Extend London junk food advertising ban UK-wide, says Leeds Beckett University health expert

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A ban on junk food advertising in London should be extended around the country to tackle a growing obesity crisis, a health policy expert has said.

Dr Stuart Flint, of Leeds Beckett University, said the benefits of the policy cannot be underestimated after it came into force in the capital on February 25.

Dr Stuart Flint

Dr Stuart Flint

It means buses, trains and tube services run by Transport for London are prohibited from displaying posters and adverts promoting food and drink high in fat, sugar and salt. The ban also applies to roundabouts, bus stops, taxis and trams.

Dr Flint said: “I cannot overstate the potential benefits of this policy. Children from a very young age are exposed via public transport and other forms of advertisements to the promotion unhealthy food and drinks.

“There is no doubt that this influences favourable attitudes among young people to these products, and they are much more likely to consume them as a result.”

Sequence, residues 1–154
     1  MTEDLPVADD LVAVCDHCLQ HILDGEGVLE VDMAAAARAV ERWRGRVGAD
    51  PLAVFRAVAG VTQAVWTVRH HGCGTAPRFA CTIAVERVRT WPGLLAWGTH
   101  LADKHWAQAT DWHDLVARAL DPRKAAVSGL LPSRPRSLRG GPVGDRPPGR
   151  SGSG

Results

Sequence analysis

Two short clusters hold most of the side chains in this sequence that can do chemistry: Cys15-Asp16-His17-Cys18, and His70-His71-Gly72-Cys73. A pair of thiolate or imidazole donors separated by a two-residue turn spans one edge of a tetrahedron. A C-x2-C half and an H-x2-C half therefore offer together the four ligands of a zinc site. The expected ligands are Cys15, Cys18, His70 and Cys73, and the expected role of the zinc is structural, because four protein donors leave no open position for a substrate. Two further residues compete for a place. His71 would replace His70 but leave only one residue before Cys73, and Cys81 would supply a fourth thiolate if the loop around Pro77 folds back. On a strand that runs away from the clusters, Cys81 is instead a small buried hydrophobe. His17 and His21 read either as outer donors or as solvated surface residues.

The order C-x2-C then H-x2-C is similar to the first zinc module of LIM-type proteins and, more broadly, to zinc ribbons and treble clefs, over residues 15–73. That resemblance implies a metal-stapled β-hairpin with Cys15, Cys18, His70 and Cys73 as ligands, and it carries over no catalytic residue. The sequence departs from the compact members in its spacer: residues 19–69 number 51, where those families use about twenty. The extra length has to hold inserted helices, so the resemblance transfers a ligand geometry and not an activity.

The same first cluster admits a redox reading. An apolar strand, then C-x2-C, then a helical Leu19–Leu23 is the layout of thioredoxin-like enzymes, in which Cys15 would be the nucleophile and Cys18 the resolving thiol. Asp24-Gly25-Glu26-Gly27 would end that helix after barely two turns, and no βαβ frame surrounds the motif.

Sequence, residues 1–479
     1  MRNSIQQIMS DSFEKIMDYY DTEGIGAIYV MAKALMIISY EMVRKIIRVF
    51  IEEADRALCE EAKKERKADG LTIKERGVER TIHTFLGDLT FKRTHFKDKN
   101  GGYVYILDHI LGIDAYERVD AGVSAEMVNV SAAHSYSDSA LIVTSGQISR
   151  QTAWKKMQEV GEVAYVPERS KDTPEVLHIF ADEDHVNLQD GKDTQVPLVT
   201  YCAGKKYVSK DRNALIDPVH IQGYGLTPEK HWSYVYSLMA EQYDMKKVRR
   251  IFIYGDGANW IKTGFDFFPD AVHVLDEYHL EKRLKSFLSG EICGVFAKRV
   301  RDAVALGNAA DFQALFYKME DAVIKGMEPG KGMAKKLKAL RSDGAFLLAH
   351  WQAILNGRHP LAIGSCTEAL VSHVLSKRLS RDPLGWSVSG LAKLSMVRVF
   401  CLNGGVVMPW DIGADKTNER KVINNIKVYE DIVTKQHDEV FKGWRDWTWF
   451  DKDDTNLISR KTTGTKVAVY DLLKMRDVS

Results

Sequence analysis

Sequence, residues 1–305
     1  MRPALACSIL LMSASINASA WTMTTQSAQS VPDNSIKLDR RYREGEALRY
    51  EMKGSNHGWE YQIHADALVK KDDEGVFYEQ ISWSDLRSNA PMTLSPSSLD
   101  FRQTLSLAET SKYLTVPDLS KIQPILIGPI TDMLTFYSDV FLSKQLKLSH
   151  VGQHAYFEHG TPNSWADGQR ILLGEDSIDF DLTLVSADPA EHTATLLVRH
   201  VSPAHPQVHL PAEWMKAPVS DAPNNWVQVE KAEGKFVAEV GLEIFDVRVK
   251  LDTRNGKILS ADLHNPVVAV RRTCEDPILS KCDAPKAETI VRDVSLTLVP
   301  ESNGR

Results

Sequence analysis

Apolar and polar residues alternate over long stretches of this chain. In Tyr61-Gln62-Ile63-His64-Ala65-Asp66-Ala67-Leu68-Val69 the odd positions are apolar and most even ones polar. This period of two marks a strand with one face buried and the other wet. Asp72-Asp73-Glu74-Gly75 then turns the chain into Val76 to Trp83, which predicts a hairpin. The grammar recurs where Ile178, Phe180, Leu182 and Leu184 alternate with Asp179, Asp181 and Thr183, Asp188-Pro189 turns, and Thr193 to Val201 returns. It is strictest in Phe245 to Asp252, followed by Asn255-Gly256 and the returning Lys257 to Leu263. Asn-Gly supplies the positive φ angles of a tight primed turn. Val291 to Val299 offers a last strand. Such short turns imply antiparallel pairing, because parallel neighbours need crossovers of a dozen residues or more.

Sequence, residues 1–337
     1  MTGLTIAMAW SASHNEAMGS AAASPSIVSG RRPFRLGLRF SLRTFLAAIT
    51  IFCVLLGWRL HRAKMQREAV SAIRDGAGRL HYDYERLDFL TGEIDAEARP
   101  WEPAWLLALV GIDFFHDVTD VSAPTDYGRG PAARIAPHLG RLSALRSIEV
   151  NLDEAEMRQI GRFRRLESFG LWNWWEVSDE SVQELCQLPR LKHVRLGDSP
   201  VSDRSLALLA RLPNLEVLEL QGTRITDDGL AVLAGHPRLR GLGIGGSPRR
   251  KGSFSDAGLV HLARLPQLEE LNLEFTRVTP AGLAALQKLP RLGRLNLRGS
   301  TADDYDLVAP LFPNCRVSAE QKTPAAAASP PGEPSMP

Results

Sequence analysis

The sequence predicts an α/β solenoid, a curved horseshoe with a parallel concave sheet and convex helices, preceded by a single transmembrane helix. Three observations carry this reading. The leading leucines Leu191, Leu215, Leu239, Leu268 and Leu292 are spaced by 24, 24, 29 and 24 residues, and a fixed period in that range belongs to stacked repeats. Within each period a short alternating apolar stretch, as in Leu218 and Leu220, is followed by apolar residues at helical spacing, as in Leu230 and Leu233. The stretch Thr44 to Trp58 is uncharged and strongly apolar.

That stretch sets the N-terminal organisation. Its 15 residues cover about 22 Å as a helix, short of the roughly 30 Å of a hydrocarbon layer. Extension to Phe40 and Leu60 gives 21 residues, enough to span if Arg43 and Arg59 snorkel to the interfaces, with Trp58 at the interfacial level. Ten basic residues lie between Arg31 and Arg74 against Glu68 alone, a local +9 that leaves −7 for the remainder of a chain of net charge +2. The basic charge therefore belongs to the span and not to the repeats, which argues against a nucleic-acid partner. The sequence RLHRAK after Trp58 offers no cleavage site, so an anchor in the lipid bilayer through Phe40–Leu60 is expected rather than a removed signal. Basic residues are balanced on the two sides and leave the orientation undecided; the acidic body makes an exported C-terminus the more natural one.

Almost one in four children finishing primary school in Leeds are classified as obese.

Statistics from Public Health England show that 19 per cent of year six pupils were declared obese between April 2016 and March 2017, and four per cent severely obese. Some 14.4 per cent of year six children were declared overweight and on average, 38 per cent of youngsters are unhealthily overweight when they start secondary school. Dr Flint, who has contributed to the All-Party Parliamentary Group on Obesity, said the advertising ban would also help tackle type 2 diabetes and poor dental health.

He said: “Public transport companies should take more responsibility to support the health of our population or at the very least not encourage unhealthy behaviours.

“This policy is needed across the UK, not just in London. Local authorities should be considering this policy and the potential impact that it could on child and adult health nationally.

“Junk food companies are well aware of the impact of advertising their products on and around transport. They have a captive market on the transport network, and this daily, constant exposure has a great impact on consumer attitudes and behaviour. These adverts work on a continuous and subconscious level.”

More than 40 per cent of young people in the UK aged five-19 are classed as overweight or obese. Almost 43,000 children in England had operations to remove rotten teeth in 2017, at a cost of about £36m to the NHS.

Dr Flint added: “Banning these adverts nationwide will have enormous benefits, not just in relation to the high prevalence of overweight and obesity, but also in areas such as diabetes and poor dental health.”